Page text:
Though fashion schools produce thousands of design graduates each year, many of whom fail to launch their own labels or find jobs as designers at fashion houses, the fashion business and adjacent industries need graduates with fashion design degrees like never before, argues Professor Frances Corner, head of London College of Fashion.
Are we producing too many fashion designers? Those posing the question usually assume that a fashion design education should lead directly to a job as a designer at a fashion brand, probably at one of the famous luxury houses. This is based a number of erroneous assumptions.
First, it supposes that education is about training and preparing “oven-ready chickens” for the industry. No-one expects a history graduate to become an historian automatically. Equally a fashion degree, with one foot in industry and one in education, does not and should not concentrate on training students for the industry to the detriment of developing their creative and entrepreneurial skills.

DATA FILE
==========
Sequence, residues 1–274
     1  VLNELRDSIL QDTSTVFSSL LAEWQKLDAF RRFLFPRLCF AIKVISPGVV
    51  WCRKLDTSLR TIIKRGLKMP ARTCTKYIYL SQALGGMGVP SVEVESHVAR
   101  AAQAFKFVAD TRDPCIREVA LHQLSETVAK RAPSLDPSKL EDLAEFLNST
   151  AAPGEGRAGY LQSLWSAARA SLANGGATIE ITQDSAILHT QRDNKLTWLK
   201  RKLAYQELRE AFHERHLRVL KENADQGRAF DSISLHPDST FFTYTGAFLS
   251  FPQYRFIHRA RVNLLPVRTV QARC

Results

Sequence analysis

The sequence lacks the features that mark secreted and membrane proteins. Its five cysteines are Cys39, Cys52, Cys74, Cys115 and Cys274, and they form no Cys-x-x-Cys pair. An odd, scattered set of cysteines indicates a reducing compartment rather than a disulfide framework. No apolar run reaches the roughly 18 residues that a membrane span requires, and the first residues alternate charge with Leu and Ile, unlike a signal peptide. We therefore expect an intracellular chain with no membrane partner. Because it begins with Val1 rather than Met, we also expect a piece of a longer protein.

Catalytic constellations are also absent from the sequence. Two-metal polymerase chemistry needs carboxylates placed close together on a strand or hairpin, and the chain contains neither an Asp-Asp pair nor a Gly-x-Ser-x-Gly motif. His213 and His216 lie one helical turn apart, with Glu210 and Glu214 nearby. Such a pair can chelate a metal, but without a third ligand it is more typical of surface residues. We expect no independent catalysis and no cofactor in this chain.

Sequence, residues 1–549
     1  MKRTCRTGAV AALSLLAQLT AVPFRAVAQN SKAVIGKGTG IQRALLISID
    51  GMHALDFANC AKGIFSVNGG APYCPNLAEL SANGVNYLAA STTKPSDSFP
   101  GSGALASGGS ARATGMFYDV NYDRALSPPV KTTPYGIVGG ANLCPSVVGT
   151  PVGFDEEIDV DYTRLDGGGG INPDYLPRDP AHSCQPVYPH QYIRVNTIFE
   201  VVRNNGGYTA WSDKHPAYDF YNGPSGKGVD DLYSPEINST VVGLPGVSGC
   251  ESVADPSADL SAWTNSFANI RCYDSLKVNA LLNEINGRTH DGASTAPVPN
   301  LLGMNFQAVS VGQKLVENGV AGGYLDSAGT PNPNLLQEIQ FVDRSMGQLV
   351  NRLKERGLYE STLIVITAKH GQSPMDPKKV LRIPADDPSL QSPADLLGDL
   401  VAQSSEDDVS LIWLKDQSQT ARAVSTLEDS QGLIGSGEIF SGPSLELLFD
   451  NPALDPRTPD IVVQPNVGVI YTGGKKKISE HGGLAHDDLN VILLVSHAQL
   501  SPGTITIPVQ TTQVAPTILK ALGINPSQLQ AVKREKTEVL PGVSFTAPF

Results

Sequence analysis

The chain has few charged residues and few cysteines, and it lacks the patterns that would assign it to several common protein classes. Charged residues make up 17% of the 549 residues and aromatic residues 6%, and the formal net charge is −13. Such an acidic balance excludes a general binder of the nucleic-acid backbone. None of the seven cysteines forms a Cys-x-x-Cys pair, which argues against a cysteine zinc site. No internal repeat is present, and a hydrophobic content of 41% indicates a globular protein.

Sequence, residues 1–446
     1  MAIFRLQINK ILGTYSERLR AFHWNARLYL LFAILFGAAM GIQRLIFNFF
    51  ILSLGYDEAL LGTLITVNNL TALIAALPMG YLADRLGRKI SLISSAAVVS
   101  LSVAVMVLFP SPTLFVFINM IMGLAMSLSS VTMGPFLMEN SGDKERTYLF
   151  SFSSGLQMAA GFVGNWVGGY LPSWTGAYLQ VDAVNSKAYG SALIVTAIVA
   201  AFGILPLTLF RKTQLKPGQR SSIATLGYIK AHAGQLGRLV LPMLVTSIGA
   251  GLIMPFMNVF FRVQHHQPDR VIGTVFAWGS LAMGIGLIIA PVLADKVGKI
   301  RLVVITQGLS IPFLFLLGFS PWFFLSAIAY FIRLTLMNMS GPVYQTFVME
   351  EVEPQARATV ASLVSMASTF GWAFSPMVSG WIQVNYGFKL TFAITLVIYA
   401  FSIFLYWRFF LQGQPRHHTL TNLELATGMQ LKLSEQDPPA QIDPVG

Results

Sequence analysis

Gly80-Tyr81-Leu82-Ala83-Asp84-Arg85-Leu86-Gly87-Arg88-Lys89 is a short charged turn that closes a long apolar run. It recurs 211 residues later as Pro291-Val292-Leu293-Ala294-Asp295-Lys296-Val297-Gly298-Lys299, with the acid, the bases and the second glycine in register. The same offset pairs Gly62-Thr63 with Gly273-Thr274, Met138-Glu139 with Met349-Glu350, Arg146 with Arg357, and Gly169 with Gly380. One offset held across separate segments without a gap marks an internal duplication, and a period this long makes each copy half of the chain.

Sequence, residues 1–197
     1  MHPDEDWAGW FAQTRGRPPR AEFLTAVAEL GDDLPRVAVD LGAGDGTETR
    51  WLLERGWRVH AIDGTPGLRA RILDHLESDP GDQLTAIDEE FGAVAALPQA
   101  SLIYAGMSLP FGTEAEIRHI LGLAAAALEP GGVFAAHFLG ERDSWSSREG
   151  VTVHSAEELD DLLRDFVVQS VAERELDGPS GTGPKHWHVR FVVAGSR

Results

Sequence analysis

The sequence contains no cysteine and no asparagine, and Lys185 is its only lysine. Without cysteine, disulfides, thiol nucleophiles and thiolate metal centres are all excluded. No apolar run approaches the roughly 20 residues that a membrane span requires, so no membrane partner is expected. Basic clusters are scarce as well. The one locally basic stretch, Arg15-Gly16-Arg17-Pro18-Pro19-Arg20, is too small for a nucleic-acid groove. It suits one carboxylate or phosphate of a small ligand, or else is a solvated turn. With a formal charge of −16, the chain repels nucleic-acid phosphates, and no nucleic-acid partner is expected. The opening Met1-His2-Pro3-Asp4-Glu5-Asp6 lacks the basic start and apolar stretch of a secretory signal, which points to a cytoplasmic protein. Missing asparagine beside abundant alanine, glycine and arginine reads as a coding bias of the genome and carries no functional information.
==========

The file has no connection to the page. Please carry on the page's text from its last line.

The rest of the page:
Second, it posits a narrow definition of the fashion industry. Nowadays, the industry needs graduates with an understanding and experience of design, but not necessarily to work as designers. Fashion drives so many industries and economies: it provides the value-added, design-focused element that makes consumers happy to splash out on something because it is fashionable — that may be a piece of clothing, an accessory, furniture, food or the latest mobile device. Fashion is everywhere.
Add to this, the Internet, the development of digital technologies and the blurring of the traditional boundaries between creative subjects and the lines where fashion ends and film, graphics, media, music, retailing and beauty begin become difficult to define. These industries are crying out for people whose education equips them to understand the role of design in our society and our economy; so the opportunities for well prepared, fashion design graduates, who understand the complexity and spread of these global creative industries are numerous.